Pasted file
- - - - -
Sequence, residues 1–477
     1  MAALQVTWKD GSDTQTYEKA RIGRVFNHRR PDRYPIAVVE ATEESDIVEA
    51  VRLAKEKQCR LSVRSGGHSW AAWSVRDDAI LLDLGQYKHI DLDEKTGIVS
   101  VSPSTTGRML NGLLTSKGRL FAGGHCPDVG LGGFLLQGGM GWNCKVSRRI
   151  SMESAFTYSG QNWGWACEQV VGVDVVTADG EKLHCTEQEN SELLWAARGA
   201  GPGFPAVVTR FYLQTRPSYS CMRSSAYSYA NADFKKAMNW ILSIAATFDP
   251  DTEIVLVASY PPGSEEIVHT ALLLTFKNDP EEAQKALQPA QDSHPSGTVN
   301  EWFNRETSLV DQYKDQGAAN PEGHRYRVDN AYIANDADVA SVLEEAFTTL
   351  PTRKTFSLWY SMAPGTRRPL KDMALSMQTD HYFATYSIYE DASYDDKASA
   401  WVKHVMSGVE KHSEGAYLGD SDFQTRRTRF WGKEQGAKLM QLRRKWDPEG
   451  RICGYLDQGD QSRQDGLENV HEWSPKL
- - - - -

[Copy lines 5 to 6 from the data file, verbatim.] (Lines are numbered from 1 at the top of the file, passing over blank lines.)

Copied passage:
   151  SMESAFTYSG QNWGWACEQV VGVDVVTADG EKLHCTEQEN SELLWAARGA
   201  GPGFPAVVTR FYLQTRPSYS CMRSSAYSYA NADFKKAMNW ILSIAATFDP